This adaptation of the novel by Georges Arnaud, which also inspired Henri-Georges Clouzot’s suspense classic The Wages of Fear (1953), is director William Friedkin’s favorite of all his films, mainly because it came closer than any other to his original vision. This tale of four men in a South American backwater who sign on to drive a cargo of dynamite through perilous terrain started as a low-budget film. As Friedkin expanded his vision to include nail-biting sequences as the trucks cross a rickety rope bridge and navigate treacherous mountain roads, the budget rose to $22 million. Initially a critical and box-office failure, partly because of overwhelming competition from Star Wars (1977), the film has enjoyed a critical renaissance in recent years. Now hailed as one of the masterpieces of the ’70s, the film has been praised for its economical storytelling, lavish production values and Friedkin’s expert manipulation of the themes of fate and human responsibility. In 2013, the director supervised this new, digital restoration that premiered to great acclaim at the Venice Film Festival.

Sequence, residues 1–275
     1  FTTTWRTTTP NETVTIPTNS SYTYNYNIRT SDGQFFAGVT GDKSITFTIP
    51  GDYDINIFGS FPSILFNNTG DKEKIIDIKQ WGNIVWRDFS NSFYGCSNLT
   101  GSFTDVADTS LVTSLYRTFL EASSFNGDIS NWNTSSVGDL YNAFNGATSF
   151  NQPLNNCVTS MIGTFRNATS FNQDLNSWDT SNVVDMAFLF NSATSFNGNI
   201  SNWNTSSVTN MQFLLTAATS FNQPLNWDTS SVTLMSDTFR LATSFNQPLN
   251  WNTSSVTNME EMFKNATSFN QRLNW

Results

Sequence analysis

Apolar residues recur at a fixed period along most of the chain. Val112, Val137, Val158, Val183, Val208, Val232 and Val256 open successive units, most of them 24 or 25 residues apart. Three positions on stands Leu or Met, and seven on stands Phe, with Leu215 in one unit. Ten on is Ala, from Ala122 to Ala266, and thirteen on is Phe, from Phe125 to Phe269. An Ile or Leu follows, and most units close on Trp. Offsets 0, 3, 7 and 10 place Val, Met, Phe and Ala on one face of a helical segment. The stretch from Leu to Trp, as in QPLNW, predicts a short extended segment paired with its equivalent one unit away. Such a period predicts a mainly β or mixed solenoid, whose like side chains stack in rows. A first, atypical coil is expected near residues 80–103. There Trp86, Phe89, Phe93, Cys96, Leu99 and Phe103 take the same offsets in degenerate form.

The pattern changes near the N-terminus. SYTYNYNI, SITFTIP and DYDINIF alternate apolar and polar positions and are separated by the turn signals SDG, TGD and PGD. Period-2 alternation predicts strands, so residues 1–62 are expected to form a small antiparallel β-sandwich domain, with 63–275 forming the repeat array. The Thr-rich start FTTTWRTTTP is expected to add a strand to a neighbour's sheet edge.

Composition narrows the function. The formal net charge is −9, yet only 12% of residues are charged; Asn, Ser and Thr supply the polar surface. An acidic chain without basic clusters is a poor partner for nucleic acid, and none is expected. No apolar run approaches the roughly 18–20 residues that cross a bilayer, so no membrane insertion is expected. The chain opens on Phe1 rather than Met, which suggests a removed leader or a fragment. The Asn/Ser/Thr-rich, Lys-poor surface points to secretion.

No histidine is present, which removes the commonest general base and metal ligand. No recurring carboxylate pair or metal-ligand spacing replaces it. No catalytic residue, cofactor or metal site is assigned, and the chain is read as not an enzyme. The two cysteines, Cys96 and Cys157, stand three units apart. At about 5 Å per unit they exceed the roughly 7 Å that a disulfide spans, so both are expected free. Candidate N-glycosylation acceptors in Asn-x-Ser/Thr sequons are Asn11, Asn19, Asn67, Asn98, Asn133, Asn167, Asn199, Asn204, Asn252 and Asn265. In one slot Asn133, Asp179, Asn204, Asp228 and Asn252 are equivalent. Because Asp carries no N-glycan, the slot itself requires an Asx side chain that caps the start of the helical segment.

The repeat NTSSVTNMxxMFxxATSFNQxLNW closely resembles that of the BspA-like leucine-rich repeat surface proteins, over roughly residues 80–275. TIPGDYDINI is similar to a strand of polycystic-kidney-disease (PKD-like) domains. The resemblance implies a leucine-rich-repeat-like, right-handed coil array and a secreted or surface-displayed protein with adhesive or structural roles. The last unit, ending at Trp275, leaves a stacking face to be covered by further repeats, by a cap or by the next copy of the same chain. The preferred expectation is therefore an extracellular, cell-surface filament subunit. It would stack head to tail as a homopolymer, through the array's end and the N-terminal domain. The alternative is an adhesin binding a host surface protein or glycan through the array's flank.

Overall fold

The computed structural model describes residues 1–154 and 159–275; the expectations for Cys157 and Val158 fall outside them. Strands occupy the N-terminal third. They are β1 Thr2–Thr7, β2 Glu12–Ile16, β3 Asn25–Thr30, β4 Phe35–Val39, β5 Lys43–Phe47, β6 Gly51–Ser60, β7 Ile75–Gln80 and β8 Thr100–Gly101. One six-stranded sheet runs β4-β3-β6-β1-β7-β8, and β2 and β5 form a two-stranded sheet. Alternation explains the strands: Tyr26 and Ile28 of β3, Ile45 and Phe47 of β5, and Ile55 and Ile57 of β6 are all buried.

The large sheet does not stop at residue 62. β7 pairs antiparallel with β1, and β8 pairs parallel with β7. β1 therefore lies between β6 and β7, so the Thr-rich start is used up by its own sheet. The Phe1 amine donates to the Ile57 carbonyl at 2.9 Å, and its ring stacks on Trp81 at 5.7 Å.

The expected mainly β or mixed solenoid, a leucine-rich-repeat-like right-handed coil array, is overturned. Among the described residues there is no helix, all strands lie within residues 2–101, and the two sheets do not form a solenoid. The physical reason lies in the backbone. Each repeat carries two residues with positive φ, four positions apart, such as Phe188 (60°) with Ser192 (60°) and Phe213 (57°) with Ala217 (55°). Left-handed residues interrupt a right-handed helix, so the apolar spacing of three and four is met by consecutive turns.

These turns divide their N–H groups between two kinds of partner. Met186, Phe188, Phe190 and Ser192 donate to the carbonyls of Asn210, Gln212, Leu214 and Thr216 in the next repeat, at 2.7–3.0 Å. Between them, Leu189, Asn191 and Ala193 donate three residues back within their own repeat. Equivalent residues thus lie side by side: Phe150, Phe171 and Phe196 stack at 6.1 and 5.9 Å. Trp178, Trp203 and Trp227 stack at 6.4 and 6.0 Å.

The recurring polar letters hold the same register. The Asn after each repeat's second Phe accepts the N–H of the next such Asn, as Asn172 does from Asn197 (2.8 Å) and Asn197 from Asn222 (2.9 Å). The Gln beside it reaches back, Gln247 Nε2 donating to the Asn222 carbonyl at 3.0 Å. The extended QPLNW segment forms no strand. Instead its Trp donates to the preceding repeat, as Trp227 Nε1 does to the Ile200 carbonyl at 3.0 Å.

Dir. William Friedkin
In attendance: William Friedkin